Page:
In this tutorial, you will learn a couple ways to connect a physical router to your home phone line as part of your “virtual voice lab “.  An all virtual voice lab would be ideal. However, real hardware is necessary for a more complete voice lab. I will be using a 2611XM for my home lab, but you can use just about any Cisco router with a couple fxs and fxo ports.



Several of you have contacted me over the past few months regarding the virtual voice lab and exactly how it should be done. Honestly, there is no right way. This tutorial series is meant to show you what is possible not exactly how it “must” be done. Have fun with your lab. If you don’t want two branches or you do not see a need for two different PCs for the branches, then customize it to the way you want it. It will help you learn.

This tutorial is in the same spirit. I will give you a few different ways you can connect your home phone line into your lab but seriously, I encourage you to make it your own and set it up the way that makes sense to you. Have fun with it. Change it. Break it. Fix it. Learn.

The 2611XM is an older router. The good … its cheaper. The bad … there are subtle differences compared to the ISRs used in the CCIE v3 lab topology. For example, transcoding is configured differently. Please pay attention to the differences if you are studying for your lab.

Here are a few things that become possible with the addition of a router that are not possible with an emulated router.

  1. voice port debugs
  2. Communicate with the outside world with h323, sip and mgcp gateway configs.
  3. T.37 fax to email
  4. Hardware conference bridging
  5. Transcoding
  6. Test BCAD for a home auto attendant.



Scenario #1 : Lab connected to the home

In a traditional home phone setup, a pair of wires extend from the telco to your house. This land line or POTS (plain old telephone system) line supplies dial-tone to all the phone jacks in your house. Below is a basic representation of a typical phone connected to a typical phone jack.



If you have a standard POTS line from the phone company and have no desire to incorporate your entire house into your lab, you should probably follow this scenario. Below is a representation of how your lab should look when you are finished following the steps below the drawing. Your router should be connected to the phone jack and the telephone should be connected to your router. If you do not have both FXS and FXO cards, just try to work with what you have.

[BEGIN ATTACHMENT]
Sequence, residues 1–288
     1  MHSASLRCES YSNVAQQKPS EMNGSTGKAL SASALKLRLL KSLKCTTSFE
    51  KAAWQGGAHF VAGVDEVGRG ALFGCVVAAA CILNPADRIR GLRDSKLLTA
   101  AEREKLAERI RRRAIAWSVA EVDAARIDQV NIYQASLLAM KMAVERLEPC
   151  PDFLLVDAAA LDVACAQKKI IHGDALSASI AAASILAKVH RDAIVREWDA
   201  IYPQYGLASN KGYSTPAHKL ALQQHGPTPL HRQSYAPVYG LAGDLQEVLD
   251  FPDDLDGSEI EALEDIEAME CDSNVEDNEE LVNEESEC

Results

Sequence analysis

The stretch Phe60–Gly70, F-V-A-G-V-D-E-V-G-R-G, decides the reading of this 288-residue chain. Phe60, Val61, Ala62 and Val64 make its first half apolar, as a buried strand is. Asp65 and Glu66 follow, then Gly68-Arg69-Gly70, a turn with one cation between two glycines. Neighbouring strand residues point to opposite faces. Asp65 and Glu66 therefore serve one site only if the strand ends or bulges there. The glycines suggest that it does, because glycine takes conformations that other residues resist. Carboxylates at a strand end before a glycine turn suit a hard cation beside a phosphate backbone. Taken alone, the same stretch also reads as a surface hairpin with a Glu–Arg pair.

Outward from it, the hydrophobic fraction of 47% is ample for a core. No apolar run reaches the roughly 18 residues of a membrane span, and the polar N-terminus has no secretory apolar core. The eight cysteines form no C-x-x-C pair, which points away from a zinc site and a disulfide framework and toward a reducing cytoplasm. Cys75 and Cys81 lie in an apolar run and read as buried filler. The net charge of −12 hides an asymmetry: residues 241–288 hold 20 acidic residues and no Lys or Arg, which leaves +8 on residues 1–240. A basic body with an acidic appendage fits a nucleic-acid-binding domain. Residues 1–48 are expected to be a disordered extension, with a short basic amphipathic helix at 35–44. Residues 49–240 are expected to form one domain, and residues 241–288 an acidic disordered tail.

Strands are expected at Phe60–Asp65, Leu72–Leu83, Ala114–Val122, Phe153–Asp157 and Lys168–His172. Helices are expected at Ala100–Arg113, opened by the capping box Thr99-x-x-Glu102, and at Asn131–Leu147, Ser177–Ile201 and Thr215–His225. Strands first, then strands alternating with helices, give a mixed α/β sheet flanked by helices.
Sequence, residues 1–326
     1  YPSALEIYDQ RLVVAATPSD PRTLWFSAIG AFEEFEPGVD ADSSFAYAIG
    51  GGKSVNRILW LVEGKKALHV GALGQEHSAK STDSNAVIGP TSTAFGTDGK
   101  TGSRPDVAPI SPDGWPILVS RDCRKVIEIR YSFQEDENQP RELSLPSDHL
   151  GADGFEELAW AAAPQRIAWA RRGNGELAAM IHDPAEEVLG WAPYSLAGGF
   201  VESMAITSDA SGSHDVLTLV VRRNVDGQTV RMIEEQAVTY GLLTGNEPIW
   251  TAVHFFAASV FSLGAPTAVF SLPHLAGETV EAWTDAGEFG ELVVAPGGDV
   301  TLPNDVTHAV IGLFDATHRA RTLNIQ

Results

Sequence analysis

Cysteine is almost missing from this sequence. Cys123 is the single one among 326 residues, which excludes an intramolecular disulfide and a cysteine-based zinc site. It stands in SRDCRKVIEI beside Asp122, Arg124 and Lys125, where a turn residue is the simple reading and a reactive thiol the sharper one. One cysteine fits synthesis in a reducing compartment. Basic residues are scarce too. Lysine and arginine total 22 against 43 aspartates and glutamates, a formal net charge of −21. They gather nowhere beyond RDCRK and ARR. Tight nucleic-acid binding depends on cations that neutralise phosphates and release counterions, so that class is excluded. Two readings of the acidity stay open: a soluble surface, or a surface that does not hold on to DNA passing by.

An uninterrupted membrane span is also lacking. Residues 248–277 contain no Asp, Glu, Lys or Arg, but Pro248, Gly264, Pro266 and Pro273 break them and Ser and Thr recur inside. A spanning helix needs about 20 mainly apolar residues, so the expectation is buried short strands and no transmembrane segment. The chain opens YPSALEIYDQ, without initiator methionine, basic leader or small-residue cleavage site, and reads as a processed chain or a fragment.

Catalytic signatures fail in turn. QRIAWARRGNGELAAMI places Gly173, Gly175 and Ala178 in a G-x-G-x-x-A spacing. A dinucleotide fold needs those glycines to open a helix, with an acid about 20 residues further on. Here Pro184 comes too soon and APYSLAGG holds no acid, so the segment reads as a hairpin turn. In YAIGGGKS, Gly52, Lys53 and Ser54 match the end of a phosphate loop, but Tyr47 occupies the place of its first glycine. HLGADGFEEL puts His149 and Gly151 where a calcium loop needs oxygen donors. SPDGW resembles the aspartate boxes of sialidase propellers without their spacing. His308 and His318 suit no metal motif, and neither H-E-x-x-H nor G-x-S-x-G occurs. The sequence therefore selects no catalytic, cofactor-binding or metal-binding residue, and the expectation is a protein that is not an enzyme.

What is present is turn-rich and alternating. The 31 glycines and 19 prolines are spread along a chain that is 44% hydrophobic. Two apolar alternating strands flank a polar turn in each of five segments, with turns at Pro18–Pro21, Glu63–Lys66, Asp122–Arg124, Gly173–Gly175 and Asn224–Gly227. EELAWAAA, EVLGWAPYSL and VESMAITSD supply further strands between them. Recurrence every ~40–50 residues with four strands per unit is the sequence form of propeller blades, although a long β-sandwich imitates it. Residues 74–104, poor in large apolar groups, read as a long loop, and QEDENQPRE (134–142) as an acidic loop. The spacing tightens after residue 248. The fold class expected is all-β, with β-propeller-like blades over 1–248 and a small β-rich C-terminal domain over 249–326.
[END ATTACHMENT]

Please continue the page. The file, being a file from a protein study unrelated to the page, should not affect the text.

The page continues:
1. Find a phone jack close to your lab equipment.
  2. Unplug the analog phone from the wall jack
  3. Connect one of the router’s fxo ports to the wall Jack.
  4. Connect the analog phone to one of the router’s fxs ports.
  5. Configure the fxo voice port to send calls to extension 1000 with the ‘connection plar’ command.


    voice-port 0/0
      connection plar 1000

  6. Configure a dial-peer for extension 1000. The following pots dial-peer will send all calls for extension 1000 to port 1/0.


    dial-peer voice 1 pots
      destination-pattern 1000
      port 1/0

  7. Attempt a call to your house. The analog phone should ring through your router.PLAR stands for ‘private-line automatic ringdown’. Some people also refer to this as the batphone setup. When a call comes in on the FXO port, it is automatically routed to the FXS port connected to the analog phone.



Scenario #2 : Home connected to the lab (voip provider)

The reason I named this scenario “Home Connected to the lab” is because the router is not receiving dial-tone from your house. Your house is receiving dial-tone from your router. This is how I have my house setup. This works best if you do not have dial-tone from the phone company. Only a voip provider.





I do not have a traditional land line from the Telco. I get dial-tone from an ATA provided by a voip provider. The cool thing about this setup is that I did not have to re-wire anything and I am able to provide dial-tone to my whole house from my router.

Eventhough the local phone company turned off dial-tone when I cancelled my service,  all the jacks in the house are still connected to each other, so by connecting one jack in the house to an FXS port, all jacks have dial-tone. I learned this first by connecting my ATA to a phone jack before I started working on my home lab.

Here are the steps

  1. Unplug the analog handset from your VOIP ATA (analog terminal adapter)
  2. Connect the ATA to an FXO Port on your router
  3. Make sure you do not have dial-tone from another phone in the house.
  4. Connect the your router’s FXS port to the wall jack close to your lab. Now, check the other phone again. You should have dial-tone.
  5. Configure voice-ports and dial-peers to route calls from the FXO port to the FXS Ports. Voice Port 1/0 is the FXS port connected to the wall jack. Voice Port 1/1 is the FXS port connected to the analog handset. The ‘preference 1’ option tells the router to choose dial-peer voice 2 as the second option, because dial-peer voice 1 is configured with ‘preference 0’ by default.


    voice-port 0/0
      connection plar 1000


    dial-peer voice 1 pots
      destination pattern 1000
      port 1/0


    dial-peer voice 2 pots
      destination-pattern 1000
      preference 1
      port 1/1




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